“Piotr,” he replied, smiling gravely, and offered his hand. Wendy took it and marveled at how, when she concentrated, his skin darkened and became solid, firmer in her grasp. Thin steam rose from between their hands, curling into nothing only moments later. At first Piotr didn't seem to notice, but when he did, he frowned. “That is odd,” he said. “Doesn't hurt, it's just strange.”
Bluntly she asked, “Are you dead?”
“Do I look dead?” Unoffended, he released her hand and stood up, patting himself on the chest and arms. There were faint rustling sounds where he patted but, away from her touch, he'd faded back to his initial translucent state.
Wendy nodded and Piotr chuckled. “Well, I suppose I must be dead, then.”
She frowned. “But I'm not dead.” Tentatively Wendy rapped the window of the police car. It
real. “Am I?”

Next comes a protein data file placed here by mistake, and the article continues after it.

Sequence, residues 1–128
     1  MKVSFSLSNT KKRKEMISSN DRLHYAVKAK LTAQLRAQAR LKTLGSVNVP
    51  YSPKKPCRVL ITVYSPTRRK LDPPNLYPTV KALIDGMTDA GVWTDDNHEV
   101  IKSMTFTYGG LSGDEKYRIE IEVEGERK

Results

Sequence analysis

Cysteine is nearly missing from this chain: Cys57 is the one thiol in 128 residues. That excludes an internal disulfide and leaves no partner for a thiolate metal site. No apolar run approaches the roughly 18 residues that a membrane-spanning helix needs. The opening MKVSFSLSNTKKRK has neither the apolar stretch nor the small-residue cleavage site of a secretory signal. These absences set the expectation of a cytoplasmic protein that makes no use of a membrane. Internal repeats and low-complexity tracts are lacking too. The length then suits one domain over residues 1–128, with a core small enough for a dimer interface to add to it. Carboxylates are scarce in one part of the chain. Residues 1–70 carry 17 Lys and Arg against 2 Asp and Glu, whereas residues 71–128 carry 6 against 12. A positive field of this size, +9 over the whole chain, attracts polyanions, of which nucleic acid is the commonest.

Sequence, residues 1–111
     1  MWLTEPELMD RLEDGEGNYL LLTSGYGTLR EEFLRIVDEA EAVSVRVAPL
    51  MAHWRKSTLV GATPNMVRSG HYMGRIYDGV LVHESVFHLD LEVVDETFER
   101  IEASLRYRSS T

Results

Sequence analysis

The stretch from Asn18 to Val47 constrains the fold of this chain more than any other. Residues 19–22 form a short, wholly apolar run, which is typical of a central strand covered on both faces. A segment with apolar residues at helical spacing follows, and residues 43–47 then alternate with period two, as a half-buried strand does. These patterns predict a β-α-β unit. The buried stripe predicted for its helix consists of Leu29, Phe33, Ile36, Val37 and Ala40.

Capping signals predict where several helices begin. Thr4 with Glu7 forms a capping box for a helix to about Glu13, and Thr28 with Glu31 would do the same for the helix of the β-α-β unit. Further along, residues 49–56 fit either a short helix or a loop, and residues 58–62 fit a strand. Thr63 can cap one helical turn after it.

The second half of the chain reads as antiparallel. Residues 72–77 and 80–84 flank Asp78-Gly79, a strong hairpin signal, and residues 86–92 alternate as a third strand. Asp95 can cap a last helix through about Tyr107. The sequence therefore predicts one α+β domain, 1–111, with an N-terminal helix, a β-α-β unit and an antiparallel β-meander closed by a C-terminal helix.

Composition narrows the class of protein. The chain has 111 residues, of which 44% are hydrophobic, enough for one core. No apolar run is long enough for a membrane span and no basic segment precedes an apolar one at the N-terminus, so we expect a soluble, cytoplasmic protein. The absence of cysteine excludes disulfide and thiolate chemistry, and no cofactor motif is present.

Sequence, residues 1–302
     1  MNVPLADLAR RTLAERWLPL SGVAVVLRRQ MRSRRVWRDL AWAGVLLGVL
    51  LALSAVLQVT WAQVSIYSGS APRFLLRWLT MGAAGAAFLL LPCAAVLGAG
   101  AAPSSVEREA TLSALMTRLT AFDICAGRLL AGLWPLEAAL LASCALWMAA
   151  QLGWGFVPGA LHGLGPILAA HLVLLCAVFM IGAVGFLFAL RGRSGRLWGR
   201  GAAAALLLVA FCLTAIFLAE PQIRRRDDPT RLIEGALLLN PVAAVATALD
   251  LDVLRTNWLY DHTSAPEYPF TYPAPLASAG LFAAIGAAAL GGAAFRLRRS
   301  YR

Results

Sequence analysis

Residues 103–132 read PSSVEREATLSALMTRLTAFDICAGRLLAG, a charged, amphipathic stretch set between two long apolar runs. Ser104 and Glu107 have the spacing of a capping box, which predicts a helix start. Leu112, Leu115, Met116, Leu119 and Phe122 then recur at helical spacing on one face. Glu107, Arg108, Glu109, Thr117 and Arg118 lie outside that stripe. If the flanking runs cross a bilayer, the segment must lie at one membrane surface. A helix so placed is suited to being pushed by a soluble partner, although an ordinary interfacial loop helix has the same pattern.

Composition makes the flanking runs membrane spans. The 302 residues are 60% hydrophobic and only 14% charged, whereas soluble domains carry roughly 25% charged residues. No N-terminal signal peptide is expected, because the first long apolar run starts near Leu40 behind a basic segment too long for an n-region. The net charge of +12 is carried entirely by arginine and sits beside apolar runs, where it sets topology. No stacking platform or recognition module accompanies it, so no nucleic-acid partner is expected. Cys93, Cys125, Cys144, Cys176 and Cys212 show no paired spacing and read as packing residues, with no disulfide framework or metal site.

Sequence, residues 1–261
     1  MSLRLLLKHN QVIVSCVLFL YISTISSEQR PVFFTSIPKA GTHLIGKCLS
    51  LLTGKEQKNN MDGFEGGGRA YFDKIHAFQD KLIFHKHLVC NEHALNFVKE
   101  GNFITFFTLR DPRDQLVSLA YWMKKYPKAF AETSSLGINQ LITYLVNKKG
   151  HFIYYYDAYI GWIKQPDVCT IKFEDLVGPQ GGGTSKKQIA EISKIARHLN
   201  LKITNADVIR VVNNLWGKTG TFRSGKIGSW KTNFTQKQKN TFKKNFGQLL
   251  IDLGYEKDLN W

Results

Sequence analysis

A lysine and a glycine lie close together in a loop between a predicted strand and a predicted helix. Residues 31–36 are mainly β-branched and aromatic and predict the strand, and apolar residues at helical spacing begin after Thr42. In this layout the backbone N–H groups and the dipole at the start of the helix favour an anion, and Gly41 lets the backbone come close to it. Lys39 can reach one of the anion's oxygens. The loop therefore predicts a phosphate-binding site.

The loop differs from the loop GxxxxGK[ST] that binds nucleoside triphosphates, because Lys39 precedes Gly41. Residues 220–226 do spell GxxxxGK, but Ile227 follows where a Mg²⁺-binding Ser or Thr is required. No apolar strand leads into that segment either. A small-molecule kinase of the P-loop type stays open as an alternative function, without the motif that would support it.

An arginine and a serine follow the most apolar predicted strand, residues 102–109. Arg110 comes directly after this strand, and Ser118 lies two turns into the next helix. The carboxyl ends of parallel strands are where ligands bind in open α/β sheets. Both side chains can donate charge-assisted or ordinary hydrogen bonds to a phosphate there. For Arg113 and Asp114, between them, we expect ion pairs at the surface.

“I can see you,” Piotr said as he looked around the scene of the accident. “And it seems that they can see you. So I don't know, curly-haired girl.” He reached out and gently brushed away the copper-colored curl hanging in her eyes. “Maybe
, but my best guess is
Doesn't look like you're dead to me.”
Wendy couldn't help but smile. “Your accent's funny.”
Piotr pressed one hand flat against his chest in mock offense.
accent is funny? What about yours,
“Little princess,” he translated. “It is a very nice thing.”
“Are you gonna take me away?” Her voice trembled.
“What?” He seemed horrified at the suggestion. “Curly, no, no,
I'd never do that.” Piotr knelt at her feet again and took her hands, gently rubbing her knuckles to soothe her. Again, where they touched, thin steam rose and drifted away. This time he didn't seem to notice.